East Hampton Town is moving toward modifications to its rebate program for septic system replacements in an effort to spur residents to replace aging or failing sanitary systems with new, low-nitrogen models and improve ecologically degraded waterways in the process.
Excess nitrogen in waterways is blamed for promoting harmful algal blooms, which can render water unsafe for humans and pets and kill finfish and shellfish.
“We think these revisions . . . will help further incentivize and gain more interest in this process,” Supervisor Peter Van Scoyoc said on Tuesday, when the town board discussed modifications recommended last month by the town’s water quality technical advisory committee.
The septic rebate program was launched last year with a percentage of community preservation fund money to encourage property owners to take action, but has yielded few participants to date. Changes would be subject to a public hearing.
The average cost of a septic system replacement is around $31,500, an official in the town’s Natural Resources Department told the board last month, with out-of-pocket cost after town, Suffolk County, and New York State rebates averaging about $6,000.
The water quality committee had recommended an increase in the maximum disbursement within water protection districts, where the need to replace old sanitary systems is most acute, from $16,000 to $20,000. Elsewhere, it recommended an increase from $10,000 to $15,000. The town has roughly 19,000 septic systems; approximately 7,000 are located in those water protection districts.
“This will help incentivize the transition to low-nitrogen systems by covering nearly all the expenses associated with that work for residents,” Mr. Van Scoyoc said Tuesday.
Another recommendation was to modify the rebate program to what the committee’s chairman last month called a partial direct-pay program in which one check would be issued to the vendor upon completion of the installation and another to the property owner as compensation for ancillary expenses incurred. This is to alleviate the property owner of that portion of the tax burden and minimize upfront costs.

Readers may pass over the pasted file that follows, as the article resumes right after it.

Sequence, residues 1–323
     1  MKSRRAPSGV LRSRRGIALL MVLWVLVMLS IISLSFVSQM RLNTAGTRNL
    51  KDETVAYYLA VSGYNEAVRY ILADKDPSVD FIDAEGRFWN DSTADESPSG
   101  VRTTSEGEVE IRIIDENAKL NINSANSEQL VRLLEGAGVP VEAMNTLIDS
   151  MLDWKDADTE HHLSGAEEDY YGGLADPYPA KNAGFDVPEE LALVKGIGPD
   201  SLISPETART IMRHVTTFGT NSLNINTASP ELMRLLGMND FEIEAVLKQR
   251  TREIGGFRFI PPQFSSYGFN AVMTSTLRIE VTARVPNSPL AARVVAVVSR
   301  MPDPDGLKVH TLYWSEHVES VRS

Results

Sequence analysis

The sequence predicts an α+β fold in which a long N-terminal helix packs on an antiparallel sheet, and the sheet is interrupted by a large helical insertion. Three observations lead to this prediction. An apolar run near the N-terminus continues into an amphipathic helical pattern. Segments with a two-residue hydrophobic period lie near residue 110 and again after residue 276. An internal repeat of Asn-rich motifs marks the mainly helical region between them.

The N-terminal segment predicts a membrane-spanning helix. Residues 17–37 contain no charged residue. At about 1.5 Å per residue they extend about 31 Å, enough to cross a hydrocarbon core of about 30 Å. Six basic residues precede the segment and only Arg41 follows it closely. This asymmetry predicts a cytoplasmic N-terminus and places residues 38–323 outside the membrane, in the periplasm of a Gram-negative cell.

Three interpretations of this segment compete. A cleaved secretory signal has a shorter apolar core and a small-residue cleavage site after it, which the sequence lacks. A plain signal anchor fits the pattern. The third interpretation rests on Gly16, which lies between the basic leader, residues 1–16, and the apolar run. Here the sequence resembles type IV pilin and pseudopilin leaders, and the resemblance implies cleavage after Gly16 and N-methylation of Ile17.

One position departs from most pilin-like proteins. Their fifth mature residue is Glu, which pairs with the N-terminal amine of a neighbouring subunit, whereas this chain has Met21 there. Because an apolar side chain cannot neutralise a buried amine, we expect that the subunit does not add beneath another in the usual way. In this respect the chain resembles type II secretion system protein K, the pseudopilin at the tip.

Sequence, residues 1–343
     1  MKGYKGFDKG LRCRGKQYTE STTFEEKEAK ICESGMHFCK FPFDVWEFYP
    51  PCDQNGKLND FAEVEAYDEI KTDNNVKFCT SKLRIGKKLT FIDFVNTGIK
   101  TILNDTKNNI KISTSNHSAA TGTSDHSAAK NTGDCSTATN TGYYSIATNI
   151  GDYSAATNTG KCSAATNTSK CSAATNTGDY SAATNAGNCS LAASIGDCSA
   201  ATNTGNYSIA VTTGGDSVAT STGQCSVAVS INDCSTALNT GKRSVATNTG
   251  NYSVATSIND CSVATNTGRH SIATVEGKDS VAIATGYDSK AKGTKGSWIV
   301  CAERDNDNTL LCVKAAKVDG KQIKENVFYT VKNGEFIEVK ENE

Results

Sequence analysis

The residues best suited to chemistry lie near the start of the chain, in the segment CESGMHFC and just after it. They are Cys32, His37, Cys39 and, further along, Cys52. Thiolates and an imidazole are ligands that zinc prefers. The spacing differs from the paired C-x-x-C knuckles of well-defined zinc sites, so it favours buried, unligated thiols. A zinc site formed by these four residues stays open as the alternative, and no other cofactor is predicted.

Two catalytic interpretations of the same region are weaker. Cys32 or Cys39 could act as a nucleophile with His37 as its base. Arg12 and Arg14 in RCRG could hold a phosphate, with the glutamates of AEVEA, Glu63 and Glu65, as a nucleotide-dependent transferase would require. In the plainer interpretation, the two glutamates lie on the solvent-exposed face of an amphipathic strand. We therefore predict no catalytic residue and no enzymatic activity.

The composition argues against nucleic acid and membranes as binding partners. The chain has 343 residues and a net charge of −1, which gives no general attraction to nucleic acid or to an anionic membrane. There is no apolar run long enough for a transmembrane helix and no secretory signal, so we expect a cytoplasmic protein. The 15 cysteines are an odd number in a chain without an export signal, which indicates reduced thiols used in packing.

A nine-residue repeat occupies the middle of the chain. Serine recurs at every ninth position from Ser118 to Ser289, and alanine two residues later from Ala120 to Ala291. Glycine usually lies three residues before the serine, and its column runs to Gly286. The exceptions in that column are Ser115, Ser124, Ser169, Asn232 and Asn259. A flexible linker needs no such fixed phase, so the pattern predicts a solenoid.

The town code refers to it as a rebate program, “but we thought the title would be better as an incentive program, in part because one of the proposals is to change the method by which we pay for the construction improvements,” by paying the contractor directly, John Jilnicki, the town attorney, told the three board members at Tuesday’s meeting. “It eliminates one stage of income to the homeowner.” Presently, the town issues a check to the property owner, who receives a W-2 wage and tax statement from the town. “We thought if we pay the contractor directly, it could possibly minimize tax implications to the homeowner.”
A third modification would remove a means test, the maximum income to be eligible for a subsidy, the committee having reasoned that the majority of high-priority properties for septic replacement are the waterfront parcels more likely to be owned by affluent residents, along with others within the two-year groundwater travel time to harbors, bays, and creeks. “We’ll see the most direct and immediate impact from having those systems . . . upgraded,” Mr. Van Scoyoc said. “This is the one thing that everybody in the town can pretty well do that will have the greatest impact on improving and protecting our water quality.”
A “septic registry” authorization that would replace the need to obtain a building permit to install a new septic system was also recommended, the expectation being that it would remove another barrier to participation in the program — homeowners wary of triggering a complete review of their property, should noncompliant conditions pursuant to the zoning code exist. “If all you’re doing is upgrade of your sanitary,” Mr. Jilnicki said, and not enlarging its capacity or making other improvements, the registry would supplant the need to obtain a building permit.
“The registry is good for existing systems upgrading, but if you’re putting in a new system on a new developed property, that would require a building permit,” Mr. Van Scoyoc said.
“Our effort is to immediately try to address nitrogen input into our ground and ultimately into the waters of East Hampton,” the supervisor said. “We’re trying to highly incentivize those areas within the two-year travel time, but every single property has an impact. It could be 10 years, it could be 25 years, but we want to ensure that we have a low-nitrogen future, that we don’t overburden our water bodies, creating harmful algal blooms and shellfish and fish die-offs. We can’t continue to pollute the way we have in the past.”